Keep canine calm and carry on… exercising (just a bit differently!)

Hannah Aldridge

Blog , +2

April 1, 2020

Walking your dog during COVID-19

Written by: Dr Jacqueline Boyd, BSc (Hons), MSc, PhD, PGCHE, CHES, FHEA, MRSB
Nutritional Consultant, Skinner’s Pet Foods

The nation’s dogs are experiencing an unprecedented level of human attention and companionship just now. However, the physical distancing advice and restrictions look set to continue for the immediate future as a result of the ongoing COVID-19 pandemic. This means that for many dogs and their people, the usual exercise routines have had to adapt. However, this can create an opportunity for us to perhaps be a little more creative and inspired in our activities with our dogs. Physical distancing need not mean that we become distant from physical exercise! In this article, we will explore key points for exercise in the current circumstances and in the next article, we will examine alternative ways to exercise body and mind!


Current advice is that dogs can still be walked but with sensible precautions and maintaining physical distance (at least 2 m) from other people. If you have more than one person in the house, their once-a-day outing for exercise can incorporate exercising the dog. For some lucky dogs, this means that their usual daily walks can be continued. For others, this might mean a single walk from home per day, if there is only one person in the house. Either way, try to ensure the exercise is as physically and mentally beneficial as possible – for both dog(s) and person! Mix your speed of movement, allow your dog time to sniff, take different routes and even practice basic training such as heelwork and waiting at the side of the road.

Reliable recall?

In these strange times, be extra cautious about letting your dog off lead, unless you are sure they have a reliable recall. This is not the time that you need the additional worry of trying to find a lost dog, when other people (and indeed public services) will be unlikely to be able to help you. Consider using a long line or similar if you are concerned. Make sure their microchip details are up-to date, and ensure they are wearing a collar and tag with their home address and other contact details.

Pick up your poo!

Poo picking is something every dog owner should be doing as standard, but it is even more important now as more dogs are likely to be frequenting similar walking/exercise areas and people do not want to be risking touching surfaces or items (such as filled and left poo bags!) that are not their own. Remember diseases that can make our dogs (and us!) ill can be spread in poo, so pick it up and dispose of it sensibly. Indeed, with public services being under pressure for other essential tasks now, consider taking your bagged dog poo home rather than using public dog poo bins just now, as these are likely to not be emptied as frequently as normal.

Take the lead

While your dog might love meeting other dogs and people, now is not the time to either encourage or allow it. Pop your dog on lead if you see either other people or dogs. This will ensure you meet the guidelines for physical distancing AND you can also help safely manage dog to dog and dog to human interactions. Ironically, for many people with dogs who are nervous of other dogs, this is proving to be a useful time where they are not constantly worried about the out of control, excessively boisterous, bouncy and “he only wants to be friendly!” dog! Don’t be that owner with the out of control dog and use your lead when necessary.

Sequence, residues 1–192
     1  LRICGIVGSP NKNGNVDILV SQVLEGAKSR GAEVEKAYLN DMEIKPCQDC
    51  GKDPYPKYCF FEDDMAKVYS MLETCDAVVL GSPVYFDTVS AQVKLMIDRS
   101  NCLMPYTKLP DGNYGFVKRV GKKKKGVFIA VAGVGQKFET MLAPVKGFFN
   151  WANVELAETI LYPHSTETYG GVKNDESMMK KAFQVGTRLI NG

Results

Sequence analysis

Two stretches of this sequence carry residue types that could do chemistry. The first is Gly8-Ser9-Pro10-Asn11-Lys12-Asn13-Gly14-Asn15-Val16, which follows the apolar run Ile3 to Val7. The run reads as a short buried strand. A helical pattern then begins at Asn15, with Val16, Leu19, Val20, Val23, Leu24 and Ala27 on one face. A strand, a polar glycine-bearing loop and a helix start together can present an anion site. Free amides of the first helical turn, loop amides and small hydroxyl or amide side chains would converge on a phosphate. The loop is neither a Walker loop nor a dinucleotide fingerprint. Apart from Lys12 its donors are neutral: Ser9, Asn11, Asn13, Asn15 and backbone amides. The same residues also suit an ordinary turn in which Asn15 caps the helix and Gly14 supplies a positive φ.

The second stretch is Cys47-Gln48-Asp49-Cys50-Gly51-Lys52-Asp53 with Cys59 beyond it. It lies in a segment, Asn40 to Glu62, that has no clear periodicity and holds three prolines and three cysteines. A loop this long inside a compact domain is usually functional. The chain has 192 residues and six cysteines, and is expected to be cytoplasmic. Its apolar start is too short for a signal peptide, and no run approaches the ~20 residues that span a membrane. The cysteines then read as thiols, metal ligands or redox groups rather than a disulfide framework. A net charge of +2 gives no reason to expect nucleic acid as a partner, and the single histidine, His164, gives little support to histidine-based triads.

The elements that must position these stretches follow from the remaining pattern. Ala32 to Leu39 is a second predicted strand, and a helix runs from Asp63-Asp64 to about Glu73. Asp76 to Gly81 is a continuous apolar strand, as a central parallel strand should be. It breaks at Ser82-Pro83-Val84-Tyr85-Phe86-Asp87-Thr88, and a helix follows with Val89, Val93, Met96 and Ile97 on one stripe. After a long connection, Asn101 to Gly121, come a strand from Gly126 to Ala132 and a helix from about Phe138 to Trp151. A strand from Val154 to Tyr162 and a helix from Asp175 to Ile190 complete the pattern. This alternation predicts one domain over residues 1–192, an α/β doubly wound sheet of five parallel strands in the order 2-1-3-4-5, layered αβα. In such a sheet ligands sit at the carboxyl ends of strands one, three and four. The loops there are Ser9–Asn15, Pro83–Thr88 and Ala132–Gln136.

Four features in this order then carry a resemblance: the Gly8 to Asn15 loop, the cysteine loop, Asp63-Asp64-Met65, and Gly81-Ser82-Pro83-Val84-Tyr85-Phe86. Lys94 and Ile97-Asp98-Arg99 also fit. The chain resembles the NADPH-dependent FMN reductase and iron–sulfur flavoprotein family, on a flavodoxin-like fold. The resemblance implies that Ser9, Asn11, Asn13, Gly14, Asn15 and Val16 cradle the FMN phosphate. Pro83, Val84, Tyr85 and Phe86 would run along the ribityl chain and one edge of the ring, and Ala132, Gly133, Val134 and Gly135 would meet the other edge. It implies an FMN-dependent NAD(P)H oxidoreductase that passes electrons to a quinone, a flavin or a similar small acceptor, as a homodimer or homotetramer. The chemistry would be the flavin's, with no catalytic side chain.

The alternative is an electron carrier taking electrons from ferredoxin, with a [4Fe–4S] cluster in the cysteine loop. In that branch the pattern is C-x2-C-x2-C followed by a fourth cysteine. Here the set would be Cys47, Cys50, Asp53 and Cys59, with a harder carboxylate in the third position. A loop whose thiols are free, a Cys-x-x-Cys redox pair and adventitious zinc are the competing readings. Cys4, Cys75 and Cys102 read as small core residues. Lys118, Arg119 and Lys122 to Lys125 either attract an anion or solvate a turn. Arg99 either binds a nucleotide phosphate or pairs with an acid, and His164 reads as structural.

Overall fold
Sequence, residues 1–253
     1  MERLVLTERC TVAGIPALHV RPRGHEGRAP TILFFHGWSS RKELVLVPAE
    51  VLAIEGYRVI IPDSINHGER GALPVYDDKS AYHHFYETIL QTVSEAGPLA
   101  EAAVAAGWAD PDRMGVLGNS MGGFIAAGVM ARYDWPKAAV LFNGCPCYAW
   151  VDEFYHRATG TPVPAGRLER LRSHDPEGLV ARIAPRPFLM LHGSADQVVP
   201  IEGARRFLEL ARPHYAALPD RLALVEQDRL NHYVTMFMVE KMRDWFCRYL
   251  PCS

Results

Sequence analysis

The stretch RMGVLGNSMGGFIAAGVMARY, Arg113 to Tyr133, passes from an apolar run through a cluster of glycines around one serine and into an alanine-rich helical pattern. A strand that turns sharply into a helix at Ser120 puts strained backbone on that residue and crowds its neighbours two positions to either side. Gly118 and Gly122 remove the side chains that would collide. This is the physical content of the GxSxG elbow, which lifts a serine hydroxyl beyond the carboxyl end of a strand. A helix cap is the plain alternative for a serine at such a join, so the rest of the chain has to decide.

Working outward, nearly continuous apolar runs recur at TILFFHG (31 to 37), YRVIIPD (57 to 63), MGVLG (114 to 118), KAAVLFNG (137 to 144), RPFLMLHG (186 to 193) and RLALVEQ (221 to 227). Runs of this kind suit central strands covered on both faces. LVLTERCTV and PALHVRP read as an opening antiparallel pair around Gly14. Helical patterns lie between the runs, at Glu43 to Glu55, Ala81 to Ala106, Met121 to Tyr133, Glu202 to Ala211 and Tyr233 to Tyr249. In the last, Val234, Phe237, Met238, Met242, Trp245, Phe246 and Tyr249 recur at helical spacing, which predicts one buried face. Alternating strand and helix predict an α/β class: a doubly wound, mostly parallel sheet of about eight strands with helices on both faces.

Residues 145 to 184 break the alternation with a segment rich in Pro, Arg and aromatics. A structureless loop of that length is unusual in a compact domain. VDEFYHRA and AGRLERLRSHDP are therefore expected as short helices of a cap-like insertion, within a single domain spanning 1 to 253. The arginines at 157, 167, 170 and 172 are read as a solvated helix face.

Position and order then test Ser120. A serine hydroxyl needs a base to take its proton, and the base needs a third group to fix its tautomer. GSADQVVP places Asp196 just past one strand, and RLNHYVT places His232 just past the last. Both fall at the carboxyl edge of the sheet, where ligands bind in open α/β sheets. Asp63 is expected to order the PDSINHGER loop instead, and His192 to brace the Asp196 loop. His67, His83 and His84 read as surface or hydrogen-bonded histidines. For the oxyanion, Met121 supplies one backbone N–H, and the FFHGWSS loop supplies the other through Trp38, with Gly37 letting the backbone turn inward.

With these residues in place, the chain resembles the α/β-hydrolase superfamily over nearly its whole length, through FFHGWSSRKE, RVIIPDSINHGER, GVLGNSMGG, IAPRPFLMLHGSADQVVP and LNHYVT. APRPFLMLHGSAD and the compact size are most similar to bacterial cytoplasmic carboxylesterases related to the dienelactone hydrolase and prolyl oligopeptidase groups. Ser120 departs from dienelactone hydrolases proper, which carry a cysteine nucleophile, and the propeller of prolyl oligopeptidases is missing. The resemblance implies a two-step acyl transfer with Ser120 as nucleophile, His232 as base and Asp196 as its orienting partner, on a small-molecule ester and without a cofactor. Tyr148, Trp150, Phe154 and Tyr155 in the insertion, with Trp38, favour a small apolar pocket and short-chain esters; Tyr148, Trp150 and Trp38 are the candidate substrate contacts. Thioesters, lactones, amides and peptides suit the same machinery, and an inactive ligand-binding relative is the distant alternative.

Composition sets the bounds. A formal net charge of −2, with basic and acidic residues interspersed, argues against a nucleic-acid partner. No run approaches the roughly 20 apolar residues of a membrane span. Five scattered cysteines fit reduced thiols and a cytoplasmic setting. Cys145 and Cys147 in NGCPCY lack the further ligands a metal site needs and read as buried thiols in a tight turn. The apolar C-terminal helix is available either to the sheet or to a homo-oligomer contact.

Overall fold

Go green!

Current guidance is to avoid unnecessary travel and to exercise from home. As a result, try to explore your local area more (whilst ensuring physical distancing measures are met) and use any open, green spaces if possible. If you have a garden, explore your garden with your dog and use it for playing, exercise and games with your dog too. Even a small garden (or patio!) can become a fun area for scent work, simple retrieves or training exercises to work body and mind!

Be safe!

Most importantly, keep you and your dog safe. Remember, vets are following restricted contact guidelines, meaning that veterinary advice and help is not as accessible as normal and is primarily restricted to emergencies only. Look out for anything that could injure your dog (broken glass, barbed wire etc) and also don’t suddenly go running several miles if neither of you are fit for it – it is surprisingly easy for simple injuries to occur if you or your dog are not physically conditioned for new forms of exercise! After walking, ALWAYS wash your hands well on returning home.

Stay safe and stay well. During times like this, our dogs can be great sources of comfort, support and can even help create opportunities for us to keep some physical exercise within our daily schedule. Keep an eye on the Skinner’s blogs too, for further advice and more ideas of helping you to help your dog. As ever, if you have any questions regarding food choices or nutrition for your dog, our experienced and friendly nutrition team would be delighted to help you.

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